Pingback: temp street()
Pingback: criminal lawyers martinsburg wv()
Pingback: helpful site()
Pingback: Hypercet Blood Pressure Formula()
Pingback: how to make your own beats()
Pingback: boundra RMT()
Pingback: all flash games()
Pingback: Unlock iPhone()
Pingback: send free sms online()
Pingback: MHF Zeny()
Pingback: Health Book Ghostwriter()
Pingback: everquest next platinum()
Pingback: dog poop bags()
Pingback: cash for cars()
Pingback: Browse Around This Site()
Pingback: Wizardry RMT()
Pingback: æˆ¦å›½ixa RMT()
Pingback: ãƒ¬ã‚¸ã‚§ãƒ³ãƒ‰ ã‚ªãƒ– ã‚½ã‚¦ãƒ«ã‚º RMT()
Pingback: Diablo 3 è‚²æˆä»£è¡Œ()
Pingback: Diablo 3 Gold()
Pingback: ESO Gold()
Pingback: Ð¾Ð½Ð»Ð°Ð¹Ð½ ÐºÐ°Ð·Ð¸Ð½Ð¾()
Pingback: payday loans()
Pingback: How to Get Free Xbox Live 2 Day Trial Codes()
Pingback: Lovett's Lovin Pet & Home Care of Naples()
Pingback: path of exile items()
Pingback: ï»¿FF14 è‚²æˆä»£è¡Œ()
Pingback: ãƒ¬ãƒƒãƒ‰ã‚¹ãƒˆãƒ¼ãƒ³ RMT()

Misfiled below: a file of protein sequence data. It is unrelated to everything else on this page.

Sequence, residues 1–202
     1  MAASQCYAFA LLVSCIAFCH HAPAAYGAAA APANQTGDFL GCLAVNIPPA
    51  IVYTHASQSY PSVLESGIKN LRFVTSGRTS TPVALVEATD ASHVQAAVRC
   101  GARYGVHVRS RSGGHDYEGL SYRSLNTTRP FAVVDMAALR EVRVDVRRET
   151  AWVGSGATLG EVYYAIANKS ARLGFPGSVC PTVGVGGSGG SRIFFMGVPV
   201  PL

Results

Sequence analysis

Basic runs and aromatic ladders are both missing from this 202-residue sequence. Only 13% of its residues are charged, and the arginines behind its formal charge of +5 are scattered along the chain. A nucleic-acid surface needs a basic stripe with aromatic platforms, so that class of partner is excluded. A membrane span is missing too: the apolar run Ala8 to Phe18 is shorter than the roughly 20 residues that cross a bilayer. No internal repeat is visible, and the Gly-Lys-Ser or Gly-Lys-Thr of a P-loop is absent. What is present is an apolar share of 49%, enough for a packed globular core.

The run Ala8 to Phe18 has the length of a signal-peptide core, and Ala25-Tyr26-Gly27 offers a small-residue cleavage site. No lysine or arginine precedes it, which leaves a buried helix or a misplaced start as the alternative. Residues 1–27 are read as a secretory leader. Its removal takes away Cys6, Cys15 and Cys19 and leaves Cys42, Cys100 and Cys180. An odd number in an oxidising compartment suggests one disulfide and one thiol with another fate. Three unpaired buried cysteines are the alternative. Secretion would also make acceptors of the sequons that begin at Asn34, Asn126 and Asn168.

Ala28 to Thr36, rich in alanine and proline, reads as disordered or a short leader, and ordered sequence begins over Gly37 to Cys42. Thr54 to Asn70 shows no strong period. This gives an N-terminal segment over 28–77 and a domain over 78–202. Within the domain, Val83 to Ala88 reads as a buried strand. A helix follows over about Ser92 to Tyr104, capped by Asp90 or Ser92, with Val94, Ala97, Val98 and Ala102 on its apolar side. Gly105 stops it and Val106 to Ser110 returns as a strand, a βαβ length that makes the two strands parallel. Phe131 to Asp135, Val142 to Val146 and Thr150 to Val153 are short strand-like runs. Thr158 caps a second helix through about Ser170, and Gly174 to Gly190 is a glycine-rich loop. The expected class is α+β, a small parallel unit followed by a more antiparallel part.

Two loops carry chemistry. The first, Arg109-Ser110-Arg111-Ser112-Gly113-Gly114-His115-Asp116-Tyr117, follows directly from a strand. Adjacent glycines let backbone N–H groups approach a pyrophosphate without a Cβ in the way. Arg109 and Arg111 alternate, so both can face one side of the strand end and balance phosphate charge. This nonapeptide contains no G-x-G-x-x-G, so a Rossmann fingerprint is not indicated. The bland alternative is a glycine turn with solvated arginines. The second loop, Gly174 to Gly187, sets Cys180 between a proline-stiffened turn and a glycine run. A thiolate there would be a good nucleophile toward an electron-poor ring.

Pingback: FIFA 14 Coins PS4()
Pingback: Path Of Exile Items()
Pingback: gmail inicio sesion()
Pingback: Cheap FIFA 14 Coins()
Pingback: mind movies review()
Pingback: Ralf Schmitz()
Pingback: binary options software()
Pingback: hack facebook account()
Pingback: FFXIV è‚²æˆä»£è¡Œ()
Pingback: iherb discount code()
Pingback: iherb.com coupon()
Pingback: internet marketing advertising()
Pingback: iherb coupon()
Pingback: iherb coupon code()
Pingback: best granite countertops houston()
Pingback: FF11 ã‚®ãƒ«()
Pingback: source here()
Pingback: toledo wedding photographers()
Yup, small-caps are setting up for a comeback year. In fact, I believe they'll retake a leadership role in the markets in 2015. So now's your chance to set yourself up for potentially massive gains before these stocks start grabbing headlines again. Or... you can simply wait until some ex-purt on CNBC or Fox recommends them - and miss out on half the party. Your choice...